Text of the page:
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All Was Not Feigned

The struggle between certainty and doubt is at the heart of history, says Mathew Lyons. It should be relished for what it reveals about a past where facts are sometimes in short supply.

Mythical voyage: Brutus sets sail for Britain, a 15th-century illustration from Geoffrey of Monmouth's 'History of the Kings of Britain'. Bridgeman/Bibliotheque Nationale ParisIn May Brighton College, an independent fee-paying school, announced its intention to make the study of history compulsory for all pupils through to 18. Whatever one’s view of the decision, the fact that it was considered unusual and innovative enough to make the national newspapers should give us – and anyone interested in the practice and pleasures of history – pause for thought.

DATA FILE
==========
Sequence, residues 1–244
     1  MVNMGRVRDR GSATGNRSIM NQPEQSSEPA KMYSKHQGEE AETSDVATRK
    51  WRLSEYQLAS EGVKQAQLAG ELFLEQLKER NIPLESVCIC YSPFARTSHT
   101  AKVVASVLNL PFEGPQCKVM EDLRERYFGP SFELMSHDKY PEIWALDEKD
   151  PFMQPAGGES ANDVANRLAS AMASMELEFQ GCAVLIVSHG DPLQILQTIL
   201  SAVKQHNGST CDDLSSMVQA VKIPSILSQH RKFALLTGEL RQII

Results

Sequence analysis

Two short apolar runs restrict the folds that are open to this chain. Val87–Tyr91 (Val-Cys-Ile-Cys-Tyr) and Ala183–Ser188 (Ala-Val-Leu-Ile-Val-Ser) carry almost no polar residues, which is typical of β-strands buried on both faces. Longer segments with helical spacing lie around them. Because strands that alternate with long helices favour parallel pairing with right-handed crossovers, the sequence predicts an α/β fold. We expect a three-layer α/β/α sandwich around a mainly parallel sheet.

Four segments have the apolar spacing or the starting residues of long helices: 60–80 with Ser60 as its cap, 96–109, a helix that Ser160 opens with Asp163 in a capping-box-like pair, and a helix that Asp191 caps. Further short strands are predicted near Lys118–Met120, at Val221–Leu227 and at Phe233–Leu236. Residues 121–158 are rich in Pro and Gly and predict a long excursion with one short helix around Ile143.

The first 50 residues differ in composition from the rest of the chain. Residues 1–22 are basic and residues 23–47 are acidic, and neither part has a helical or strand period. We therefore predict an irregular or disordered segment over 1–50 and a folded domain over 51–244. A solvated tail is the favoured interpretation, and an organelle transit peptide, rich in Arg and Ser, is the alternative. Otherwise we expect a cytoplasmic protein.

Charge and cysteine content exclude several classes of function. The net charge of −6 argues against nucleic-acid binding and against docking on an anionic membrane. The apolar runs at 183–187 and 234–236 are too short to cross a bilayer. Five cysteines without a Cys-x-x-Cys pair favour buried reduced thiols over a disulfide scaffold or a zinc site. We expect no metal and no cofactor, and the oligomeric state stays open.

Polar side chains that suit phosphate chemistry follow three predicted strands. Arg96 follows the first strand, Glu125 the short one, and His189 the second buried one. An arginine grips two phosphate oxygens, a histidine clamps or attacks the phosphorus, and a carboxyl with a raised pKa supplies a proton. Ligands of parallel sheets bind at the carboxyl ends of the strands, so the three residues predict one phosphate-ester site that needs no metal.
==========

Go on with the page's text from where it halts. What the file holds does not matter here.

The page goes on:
Should it not be obvious why the past is worth studying all the way through school? And, if it is not obvious, do we make the case for our subject’s virtues with sufficient force? What, indeed, are its virtues?

For me history isn’t really about the past. It is about how we engage with the past, which isn’t quite the same thing. That is what makes it such an excellent educational tool: to read history is to be constantly aware of the struggle between certainty and doubt. Indeed ‘bad’ history – poor research, weak methodology, clumsy arguments and so on – can be just as instructive and illuminating as its counterpart, precisely because it draws attention to the processes and techniques that all historians use.

All history is selective. But where, then, is its truth? One way to answer that question is to consider the areas in which history is most unlike itself, the margins of the discipline where it clearly shades into other traditions of thought, where facts are at best unstable and often largely absent.

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